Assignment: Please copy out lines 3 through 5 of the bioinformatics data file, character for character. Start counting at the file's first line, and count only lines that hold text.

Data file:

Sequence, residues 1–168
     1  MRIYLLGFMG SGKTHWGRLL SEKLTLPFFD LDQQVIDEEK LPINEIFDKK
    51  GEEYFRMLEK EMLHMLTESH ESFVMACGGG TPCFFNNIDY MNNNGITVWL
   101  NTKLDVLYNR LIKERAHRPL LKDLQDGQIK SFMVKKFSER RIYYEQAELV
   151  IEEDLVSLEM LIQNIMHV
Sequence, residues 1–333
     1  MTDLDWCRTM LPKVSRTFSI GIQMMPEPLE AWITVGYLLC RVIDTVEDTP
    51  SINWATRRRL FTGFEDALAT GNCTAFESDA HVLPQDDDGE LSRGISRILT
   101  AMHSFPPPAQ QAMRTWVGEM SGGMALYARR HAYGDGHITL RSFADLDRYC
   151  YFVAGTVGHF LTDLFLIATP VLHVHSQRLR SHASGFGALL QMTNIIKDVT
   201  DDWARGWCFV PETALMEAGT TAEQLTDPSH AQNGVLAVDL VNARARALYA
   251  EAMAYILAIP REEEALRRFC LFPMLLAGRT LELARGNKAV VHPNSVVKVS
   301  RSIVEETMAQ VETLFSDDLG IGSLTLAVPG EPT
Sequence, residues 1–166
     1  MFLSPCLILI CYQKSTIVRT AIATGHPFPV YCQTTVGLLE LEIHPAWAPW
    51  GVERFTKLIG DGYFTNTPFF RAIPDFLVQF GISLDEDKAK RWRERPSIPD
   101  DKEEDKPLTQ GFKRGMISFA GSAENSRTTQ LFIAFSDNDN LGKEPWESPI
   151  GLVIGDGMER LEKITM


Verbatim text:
    51  GEEYFRMLEK EMLHMLTESH ESFVMACGGG TPCFFNNIDY MNNNGITVWL
   101  NTKLDVLYNR LIKERAHRPL LKDLQDGQIK SFMVKKFSER RIYYEQAELV
   151  IEEDLVSLEM LIQNIMHV